Earthy Delights Recipe

Poached Skate with Black Truffle Butter

Poached Skate with Black Truffle Butter
While it's highly prized in Asia and Europe, skate is a frequently overlooked fish that is unfamiliar to many Americans.

Skate is surprisingly inexpensive and is often readily available in the frozen section of well-stocked Asian markets. With a tender texture and mild flavor, skate is an interesting fish that is well worth seeking out.

There are many classic recipes which feature this member of the ray family. One method which works particularly well with skate is poaching. It's faster and easier than you might expect. If you make your compound butter in advance, you've got dinner, start to finish, in under 30 minutes.

Note: skate skin has tiny little spurs that make it painful to skin without special gloves. However, most is sold skinned.

Two 8 oz portions skate, skinned (don't try to do this yourself!)
1 med carrot, sliced into rounds
1 small fennel bulb, thinly sliced
1 lemon, thinly sliced
1 tsp whole peppercorns
1 tsp salt
2 - 3 dried de arbol chile peppers

Black Truffle , Parsley & Peppercorn Compound Butter (recipe below)



Fill a large shallow covered pan half full with water. The pan should be large enough to accommodate all of the vegetables and the fish.

Add the carrot, fennel, lemon, peppercorns, salt and chiles, cover and bring to a boil. Reduce heat to a very low simmer.

Add the skate, cover and cook for 5 - 8 minutes. The skate will cook very quickly, so be sure that it does not overcook.

Remove the skate from the poaching pan to a serving plate.  Top with a slice of the  black truffle compound butter and serve immediately.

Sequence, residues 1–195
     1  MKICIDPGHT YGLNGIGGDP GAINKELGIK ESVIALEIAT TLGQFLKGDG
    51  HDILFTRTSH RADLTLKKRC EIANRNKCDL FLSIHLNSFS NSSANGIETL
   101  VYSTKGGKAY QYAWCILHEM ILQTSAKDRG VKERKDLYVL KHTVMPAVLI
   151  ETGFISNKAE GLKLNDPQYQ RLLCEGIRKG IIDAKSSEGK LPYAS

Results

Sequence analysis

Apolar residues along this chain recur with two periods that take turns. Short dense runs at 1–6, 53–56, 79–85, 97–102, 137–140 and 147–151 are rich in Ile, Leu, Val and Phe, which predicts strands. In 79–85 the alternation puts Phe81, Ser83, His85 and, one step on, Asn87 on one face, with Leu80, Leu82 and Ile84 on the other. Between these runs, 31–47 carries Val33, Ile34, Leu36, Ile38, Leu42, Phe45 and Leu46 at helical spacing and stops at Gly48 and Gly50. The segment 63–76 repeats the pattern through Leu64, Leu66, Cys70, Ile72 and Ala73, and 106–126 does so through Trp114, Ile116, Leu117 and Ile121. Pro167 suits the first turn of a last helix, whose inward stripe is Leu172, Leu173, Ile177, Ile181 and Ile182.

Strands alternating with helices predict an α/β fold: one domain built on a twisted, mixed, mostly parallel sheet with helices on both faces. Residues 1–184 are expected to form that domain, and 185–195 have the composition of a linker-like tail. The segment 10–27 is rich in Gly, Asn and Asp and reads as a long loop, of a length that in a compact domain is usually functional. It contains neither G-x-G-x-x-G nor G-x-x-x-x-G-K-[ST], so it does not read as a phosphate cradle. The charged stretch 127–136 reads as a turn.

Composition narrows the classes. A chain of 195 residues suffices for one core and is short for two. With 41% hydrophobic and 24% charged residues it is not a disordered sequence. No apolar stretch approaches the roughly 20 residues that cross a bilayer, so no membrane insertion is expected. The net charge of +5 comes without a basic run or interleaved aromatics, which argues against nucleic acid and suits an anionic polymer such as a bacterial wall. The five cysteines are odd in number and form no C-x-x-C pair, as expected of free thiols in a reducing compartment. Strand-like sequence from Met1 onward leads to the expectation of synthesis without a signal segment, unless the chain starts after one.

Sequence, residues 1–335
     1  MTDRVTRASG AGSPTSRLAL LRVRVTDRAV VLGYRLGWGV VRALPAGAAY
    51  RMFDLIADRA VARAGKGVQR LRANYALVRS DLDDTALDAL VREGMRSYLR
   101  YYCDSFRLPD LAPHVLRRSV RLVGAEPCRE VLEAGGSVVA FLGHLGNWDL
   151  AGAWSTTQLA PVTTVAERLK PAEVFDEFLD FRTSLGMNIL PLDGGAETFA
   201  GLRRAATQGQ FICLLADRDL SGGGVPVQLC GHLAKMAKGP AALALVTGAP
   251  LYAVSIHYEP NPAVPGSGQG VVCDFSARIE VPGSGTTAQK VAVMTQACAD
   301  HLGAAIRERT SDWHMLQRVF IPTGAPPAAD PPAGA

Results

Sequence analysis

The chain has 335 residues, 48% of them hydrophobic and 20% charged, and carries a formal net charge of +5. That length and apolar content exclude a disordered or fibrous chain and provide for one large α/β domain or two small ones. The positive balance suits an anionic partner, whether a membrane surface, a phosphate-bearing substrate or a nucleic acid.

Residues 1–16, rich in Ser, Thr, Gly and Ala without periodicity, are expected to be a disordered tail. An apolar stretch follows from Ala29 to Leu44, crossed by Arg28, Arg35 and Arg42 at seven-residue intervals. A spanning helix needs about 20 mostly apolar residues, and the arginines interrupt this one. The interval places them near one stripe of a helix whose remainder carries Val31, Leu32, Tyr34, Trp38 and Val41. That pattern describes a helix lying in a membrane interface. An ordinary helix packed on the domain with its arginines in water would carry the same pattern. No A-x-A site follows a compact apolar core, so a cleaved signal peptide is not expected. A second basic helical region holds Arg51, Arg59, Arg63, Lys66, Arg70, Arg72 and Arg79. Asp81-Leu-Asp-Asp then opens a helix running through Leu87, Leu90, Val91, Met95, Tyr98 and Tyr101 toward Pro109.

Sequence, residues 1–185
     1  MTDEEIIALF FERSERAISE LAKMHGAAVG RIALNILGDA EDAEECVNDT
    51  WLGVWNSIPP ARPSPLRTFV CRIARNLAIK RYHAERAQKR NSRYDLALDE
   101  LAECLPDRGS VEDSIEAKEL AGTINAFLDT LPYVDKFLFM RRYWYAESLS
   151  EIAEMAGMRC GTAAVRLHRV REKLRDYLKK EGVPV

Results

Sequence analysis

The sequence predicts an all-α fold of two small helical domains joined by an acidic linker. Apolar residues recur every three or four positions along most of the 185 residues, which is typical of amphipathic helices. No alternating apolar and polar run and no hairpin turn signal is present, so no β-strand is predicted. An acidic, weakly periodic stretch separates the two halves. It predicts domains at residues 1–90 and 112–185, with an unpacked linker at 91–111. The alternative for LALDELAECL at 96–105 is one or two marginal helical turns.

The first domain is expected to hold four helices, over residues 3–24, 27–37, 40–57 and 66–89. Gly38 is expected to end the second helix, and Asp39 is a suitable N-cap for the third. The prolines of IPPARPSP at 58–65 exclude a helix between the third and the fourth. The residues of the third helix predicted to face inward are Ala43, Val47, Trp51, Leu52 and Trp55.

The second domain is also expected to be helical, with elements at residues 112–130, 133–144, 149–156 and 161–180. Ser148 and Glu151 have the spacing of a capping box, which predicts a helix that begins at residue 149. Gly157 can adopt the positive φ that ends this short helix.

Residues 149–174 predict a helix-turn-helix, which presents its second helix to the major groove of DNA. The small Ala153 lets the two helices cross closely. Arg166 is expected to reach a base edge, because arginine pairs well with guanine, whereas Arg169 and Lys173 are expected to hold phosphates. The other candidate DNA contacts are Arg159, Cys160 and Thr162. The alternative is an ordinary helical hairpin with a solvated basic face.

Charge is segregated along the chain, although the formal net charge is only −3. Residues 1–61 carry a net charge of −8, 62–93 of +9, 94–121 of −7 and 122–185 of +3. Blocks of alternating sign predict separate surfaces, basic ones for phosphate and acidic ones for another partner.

Black Truffle-Parsley Compound Butter:


1 oz. black truffle, coarsely chopped (may substitute frozen if fresh are unavailable)

½ Tbsp pink peppercorns

2 sprigs fresh parsley, chopped

salt & freshly ground pepper to taste

¼ lb unsalted butter (1 stick), softened


Add the softened butter to a small food processor and pulse a few times until smooth. Add the rest of the ingredients and season with salt and pepper to taste.

Pulse the processor a few times to incorporate all the ingredients, but do not over process - you'll want a few chunks of truffle for interest.


Cut a piece of plastic wrap, about 12 x 12, and lay it flat. Using a spatula, put the processed butter in a mound in the middle of the plastic wrap. Roll the butter up in the plastic wrap so it forms an even log or sausage shape. Twist the ends tightly.

Using a sharp knife or skewer, prick the plastic wherever there is a bubble to let the air escape.

Place the rolled up compound butter into the refrigerator to chill & firm up.


For best results, use the following day after the flavors have had a chance to blend and meld.

Compound butters may be stored in the refrigerator for a week or more and can be frozen for several months.